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They moved from pits in the ground to five-story buildings they made by hand.
No horses, no wheels, no metal, only muscle power. They built not one but 13 of these multi-story Great Houses, and thrived in a land well known for drought and scarce resources. When long-term drought hit and those resources got especially scarce, they began starving and fighting over them. Finally, the survivors had enough and joined other pueblos to the west and south.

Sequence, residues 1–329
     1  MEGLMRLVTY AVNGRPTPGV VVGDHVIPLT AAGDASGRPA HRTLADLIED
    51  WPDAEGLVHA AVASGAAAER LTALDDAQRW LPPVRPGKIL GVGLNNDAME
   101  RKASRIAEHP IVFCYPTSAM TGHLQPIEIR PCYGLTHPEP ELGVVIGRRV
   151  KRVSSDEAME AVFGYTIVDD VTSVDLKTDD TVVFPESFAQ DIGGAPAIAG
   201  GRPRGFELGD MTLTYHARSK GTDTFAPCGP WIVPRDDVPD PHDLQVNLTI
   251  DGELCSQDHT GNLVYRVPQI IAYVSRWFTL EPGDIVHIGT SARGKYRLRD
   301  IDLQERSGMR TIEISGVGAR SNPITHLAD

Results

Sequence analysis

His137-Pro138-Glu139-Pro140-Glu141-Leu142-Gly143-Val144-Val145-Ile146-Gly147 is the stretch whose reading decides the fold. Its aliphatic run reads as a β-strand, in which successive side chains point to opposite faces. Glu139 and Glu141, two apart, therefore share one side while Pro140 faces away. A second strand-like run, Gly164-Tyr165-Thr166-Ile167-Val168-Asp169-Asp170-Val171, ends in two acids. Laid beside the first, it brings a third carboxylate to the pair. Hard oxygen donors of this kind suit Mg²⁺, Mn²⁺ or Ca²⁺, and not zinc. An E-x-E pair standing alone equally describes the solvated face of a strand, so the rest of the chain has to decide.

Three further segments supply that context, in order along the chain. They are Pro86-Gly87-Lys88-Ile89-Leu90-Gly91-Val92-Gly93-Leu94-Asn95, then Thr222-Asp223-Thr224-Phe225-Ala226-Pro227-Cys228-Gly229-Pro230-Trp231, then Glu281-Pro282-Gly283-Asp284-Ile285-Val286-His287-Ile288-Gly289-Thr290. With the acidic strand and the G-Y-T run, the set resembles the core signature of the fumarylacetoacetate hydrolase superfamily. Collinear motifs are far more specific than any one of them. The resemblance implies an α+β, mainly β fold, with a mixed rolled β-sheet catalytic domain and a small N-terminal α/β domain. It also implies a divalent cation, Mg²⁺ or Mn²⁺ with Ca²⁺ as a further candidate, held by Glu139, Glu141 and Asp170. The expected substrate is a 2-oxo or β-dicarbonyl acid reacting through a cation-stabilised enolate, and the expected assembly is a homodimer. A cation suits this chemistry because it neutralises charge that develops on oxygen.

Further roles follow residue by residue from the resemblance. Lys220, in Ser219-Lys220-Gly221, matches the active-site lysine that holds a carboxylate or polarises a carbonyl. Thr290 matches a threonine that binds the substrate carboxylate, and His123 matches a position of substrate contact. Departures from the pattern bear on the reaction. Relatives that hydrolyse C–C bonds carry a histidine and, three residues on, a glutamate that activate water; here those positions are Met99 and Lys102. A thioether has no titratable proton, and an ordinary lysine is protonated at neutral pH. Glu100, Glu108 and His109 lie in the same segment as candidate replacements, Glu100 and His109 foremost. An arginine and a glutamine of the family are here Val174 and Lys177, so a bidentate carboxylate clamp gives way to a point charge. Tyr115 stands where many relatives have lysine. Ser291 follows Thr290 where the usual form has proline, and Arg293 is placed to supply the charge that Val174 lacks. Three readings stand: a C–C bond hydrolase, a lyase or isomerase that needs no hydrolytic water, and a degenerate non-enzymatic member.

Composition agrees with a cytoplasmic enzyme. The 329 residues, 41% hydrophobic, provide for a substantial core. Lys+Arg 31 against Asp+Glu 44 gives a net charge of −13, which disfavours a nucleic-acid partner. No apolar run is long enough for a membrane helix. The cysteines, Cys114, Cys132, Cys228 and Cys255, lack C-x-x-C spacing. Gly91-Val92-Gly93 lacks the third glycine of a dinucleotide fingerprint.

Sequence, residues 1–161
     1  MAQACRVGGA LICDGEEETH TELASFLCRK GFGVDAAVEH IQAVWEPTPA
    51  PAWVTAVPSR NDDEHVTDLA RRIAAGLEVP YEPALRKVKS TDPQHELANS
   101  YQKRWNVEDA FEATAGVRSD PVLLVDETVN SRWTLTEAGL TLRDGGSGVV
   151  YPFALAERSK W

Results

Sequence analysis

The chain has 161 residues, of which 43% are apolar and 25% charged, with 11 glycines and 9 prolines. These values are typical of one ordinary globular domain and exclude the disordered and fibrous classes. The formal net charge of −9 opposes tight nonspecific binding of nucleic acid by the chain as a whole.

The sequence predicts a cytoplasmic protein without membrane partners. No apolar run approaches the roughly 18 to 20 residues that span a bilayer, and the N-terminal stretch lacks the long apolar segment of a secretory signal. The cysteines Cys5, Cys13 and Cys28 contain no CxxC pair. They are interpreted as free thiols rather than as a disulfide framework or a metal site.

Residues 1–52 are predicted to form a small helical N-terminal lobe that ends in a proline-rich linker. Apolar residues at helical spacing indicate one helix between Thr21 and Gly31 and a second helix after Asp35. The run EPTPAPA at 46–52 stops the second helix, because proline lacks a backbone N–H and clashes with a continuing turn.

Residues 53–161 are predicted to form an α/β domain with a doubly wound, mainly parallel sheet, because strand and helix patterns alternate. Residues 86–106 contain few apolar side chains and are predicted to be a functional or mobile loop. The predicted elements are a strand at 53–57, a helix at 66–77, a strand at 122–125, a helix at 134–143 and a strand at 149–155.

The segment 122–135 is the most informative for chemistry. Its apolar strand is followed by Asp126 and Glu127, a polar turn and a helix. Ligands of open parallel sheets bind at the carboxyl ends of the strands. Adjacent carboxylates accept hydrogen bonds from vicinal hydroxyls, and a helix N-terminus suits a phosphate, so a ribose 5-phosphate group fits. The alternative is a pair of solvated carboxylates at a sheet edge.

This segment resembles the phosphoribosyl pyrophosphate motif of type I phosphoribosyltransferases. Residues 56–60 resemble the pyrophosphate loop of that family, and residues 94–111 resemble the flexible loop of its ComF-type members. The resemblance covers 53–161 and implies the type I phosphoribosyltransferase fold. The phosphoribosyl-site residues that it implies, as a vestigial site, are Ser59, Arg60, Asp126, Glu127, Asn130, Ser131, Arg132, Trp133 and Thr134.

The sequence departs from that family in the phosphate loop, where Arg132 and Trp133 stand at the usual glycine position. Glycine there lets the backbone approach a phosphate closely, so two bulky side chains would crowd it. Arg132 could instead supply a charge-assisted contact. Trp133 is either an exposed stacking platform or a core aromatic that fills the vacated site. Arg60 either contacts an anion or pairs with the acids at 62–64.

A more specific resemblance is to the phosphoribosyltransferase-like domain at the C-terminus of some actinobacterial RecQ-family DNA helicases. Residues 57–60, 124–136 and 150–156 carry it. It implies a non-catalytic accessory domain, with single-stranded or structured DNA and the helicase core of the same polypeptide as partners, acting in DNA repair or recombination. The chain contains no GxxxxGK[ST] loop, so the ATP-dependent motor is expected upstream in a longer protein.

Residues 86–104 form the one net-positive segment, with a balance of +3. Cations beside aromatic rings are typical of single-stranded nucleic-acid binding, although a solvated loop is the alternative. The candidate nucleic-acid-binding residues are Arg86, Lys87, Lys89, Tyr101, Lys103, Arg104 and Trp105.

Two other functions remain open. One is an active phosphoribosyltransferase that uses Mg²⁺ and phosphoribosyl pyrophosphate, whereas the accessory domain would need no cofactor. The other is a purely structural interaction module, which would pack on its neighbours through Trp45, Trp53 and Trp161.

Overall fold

We know them as Ancestral Puebloans, Hisatsinom, or Anasazi.
When I look out over Chaco Canyon's ruins from North Mesa, I wonder what I would have seen when this was a major cultural center. Was it teeming with...
Pilgrims? Priests? The elite ruling class? Farmers supporting a far-flung system?
No one knows for sure. They left no written record. But the amazing remains of their lives are there - imposing ruins, cryptic petroglyphs and pictographs, ruler-straight roads, traces of water control systems. I'd like to help you tell their story using your camera, and get some professional-quality pictures. You'll learn to interpret that story and make it part of yours.
Discover recent thinking about the Chacoan Anasazi here.
Mark Bohrer |